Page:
strong position against Russia. Thank you very much indeed. That is


it from New York, let's return to the story of Iraq and join Kirsty in


London. So President the story of Iraq and join Kirsty in


indicated that the US is prepared to take military action to prevent


Jihadists gaining a foothold in Iraq, not ruling anything out.


Judging by the relenties advance of Isis on Baghdad, after securing


broad swathes of Iraq, the country is already in danger of fracturing.


A warning this film contains images that some viewers may find


disturbing. So Isis consolidates his hold on


Mosul, it has issued religious edicts, insisting on five prayers a


day and Islamic modesty, and it is pressing its fighters south towards


Baghdad. The Government's response? There have been air attacks on Mosul


and Tikrit, precisely the type of tactic that alienated so many Sunnis


in the first place. But is the Sunni community solid, or could more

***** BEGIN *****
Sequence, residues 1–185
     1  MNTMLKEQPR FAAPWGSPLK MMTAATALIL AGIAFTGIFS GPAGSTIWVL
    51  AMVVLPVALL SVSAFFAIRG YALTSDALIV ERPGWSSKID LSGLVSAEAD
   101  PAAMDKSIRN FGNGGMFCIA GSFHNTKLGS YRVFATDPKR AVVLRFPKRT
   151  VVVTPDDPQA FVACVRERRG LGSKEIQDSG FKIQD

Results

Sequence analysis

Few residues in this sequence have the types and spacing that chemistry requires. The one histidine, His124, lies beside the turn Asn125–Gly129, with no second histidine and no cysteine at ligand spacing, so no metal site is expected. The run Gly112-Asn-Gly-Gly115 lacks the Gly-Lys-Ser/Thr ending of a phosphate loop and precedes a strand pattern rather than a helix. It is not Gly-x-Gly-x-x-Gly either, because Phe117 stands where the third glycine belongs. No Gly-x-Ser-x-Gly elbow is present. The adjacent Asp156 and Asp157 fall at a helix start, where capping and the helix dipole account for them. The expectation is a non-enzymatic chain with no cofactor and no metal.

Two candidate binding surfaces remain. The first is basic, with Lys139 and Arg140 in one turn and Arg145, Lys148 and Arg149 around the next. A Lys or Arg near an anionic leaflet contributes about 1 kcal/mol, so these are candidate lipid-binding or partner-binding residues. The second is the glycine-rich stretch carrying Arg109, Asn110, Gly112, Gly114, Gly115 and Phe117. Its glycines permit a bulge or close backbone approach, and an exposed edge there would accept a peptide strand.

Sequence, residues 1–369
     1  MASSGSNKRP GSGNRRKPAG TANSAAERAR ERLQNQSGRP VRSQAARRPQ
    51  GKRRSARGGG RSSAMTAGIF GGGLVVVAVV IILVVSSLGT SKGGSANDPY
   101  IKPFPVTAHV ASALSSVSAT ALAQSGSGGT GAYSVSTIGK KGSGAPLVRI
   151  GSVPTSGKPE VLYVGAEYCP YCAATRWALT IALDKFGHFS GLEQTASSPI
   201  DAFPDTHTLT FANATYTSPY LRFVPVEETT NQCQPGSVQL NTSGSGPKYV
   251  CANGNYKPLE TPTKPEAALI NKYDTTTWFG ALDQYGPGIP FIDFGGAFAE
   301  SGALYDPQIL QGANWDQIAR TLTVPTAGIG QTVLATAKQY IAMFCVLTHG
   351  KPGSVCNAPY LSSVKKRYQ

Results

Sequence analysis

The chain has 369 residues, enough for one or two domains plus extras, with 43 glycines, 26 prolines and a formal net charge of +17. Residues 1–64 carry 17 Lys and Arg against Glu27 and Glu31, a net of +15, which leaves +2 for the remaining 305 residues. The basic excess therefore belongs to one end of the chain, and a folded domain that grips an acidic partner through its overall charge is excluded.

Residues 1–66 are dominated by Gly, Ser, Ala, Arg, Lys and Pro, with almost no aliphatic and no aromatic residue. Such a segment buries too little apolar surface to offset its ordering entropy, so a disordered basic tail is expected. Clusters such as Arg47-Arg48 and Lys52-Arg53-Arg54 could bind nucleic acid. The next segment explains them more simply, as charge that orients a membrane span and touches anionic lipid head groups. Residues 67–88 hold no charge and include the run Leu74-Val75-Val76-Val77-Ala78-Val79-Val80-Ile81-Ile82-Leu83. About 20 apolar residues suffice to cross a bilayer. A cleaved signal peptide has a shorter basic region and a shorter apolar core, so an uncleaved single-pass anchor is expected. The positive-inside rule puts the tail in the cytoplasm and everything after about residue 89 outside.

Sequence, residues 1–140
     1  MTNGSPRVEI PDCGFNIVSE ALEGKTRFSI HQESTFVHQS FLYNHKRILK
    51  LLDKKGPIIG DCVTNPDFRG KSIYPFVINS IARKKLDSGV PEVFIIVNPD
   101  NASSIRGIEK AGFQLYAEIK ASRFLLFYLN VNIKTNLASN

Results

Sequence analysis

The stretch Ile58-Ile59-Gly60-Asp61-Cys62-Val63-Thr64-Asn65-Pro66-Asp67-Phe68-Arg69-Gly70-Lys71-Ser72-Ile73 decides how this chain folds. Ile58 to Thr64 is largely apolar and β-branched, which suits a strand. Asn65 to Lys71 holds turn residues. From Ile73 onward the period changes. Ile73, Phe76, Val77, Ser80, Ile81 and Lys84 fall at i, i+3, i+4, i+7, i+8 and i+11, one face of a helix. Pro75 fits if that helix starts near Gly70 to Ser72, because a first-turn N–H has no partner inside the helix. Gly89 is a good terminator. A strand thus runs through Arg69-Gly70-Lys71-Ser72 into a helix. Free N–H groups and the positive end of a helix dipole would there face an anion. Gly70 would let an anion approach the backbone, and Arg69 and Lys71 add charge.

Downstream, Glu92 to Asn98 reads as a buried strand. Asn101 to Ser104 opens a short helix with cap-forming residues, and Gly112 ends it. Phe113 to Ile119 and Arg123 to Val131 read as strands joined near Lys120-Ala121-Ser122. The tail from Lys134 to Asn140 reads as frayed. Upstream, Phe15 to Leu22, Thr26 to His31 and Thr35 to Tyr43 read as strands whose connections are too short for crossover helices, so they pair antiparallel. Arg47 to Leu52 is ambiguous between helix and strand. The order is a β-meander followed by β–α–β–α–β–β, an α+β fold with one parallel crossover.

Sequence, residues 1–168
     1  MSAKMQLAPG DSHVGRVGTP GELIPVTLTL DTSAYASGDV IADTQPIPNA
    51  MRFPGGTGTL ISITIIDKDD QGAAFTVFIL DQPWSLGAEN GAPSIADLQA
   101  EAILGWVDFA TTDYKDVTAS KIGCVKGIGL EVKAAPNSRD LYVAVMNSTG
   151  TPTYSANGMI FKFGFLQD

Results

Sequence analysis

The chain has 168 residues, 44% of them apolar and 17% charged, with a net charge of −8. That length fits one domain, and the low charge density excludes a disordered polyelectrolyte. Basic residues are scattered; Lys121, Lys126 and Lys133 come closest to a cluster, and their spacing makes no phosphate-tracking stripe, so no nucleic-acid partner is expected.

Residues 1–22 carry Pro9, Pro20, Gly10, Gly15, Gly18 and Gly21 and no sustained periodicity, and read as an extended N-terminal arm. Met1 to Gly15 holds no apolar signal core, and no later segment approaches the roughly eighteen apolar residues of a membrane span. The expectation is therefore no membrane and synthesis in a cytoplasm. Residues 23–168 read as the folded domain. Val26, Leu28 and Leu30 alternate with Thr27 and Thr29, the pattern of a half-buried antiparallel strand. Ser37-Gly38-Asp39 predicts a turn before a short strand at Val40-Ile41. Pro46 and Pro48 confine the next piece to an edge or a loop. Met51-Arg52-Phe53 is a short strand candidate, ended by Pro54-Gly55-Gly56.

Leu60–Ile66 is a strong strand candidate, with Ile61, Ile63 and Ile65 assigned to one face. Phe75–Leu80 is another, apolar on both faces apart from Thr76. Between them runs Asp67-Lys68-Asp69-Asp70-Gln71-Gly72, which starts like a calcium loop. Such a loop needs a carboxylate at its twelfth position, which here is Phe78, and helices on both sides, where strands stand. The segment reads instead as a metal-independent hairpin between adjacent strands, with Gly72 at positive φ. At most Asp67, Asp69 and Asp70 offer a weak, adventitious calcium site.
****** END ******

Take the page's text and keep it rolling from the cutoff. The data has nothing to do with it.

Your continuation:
moderate leaders be lured away from Isis. One of the generals who helped


split the Sunni insurgency against the coalition thinks it could be


done again. One of the most significant things that happened in


2006 and 2007 is certainly large numbers of the tribal elders


particularly in western Iraq got thoroughly disenchanted with what


Al-Qaeda is doing. One the risks that Isis runs at the present time


is creating exactly the same effect amongst some of the more


conservative parts of the Sunni population. There are also secular


moderate Sunni who don't want to be any part of this. By no stretch of


the imagination can it possibly be said that Isis speaks for the Sunni


community. Al-Qaeda in the land of two rivers, Iraq started when


Jordanian Jihadist swore allegance to Osama Bin Laden. As he gained


followers through spectacular attacks and beheadings, he became


make's top target in Iraq. After they killed him, the Jihadists


regrouped and in September 2006 relaunched themselves as the Islamic


State of Iraq. But their fortunes waned, Sunni tribes were turned


against them, coalition Special Forces killed and captured


thousands. One of those detainees, Al-Bagdadi, released when the


Americans withdrew, emerged as a powerful figure in the Syrian Civil


War. In April last year he formed the Islamic State of Iraq and


AlSham, meaning Syria, Isis. He takes names like Al-Husani, which


aims to say he's descended from the Prophet Mohammed's family. He calls


himself names that says he's from the same Arab tribe as the prophet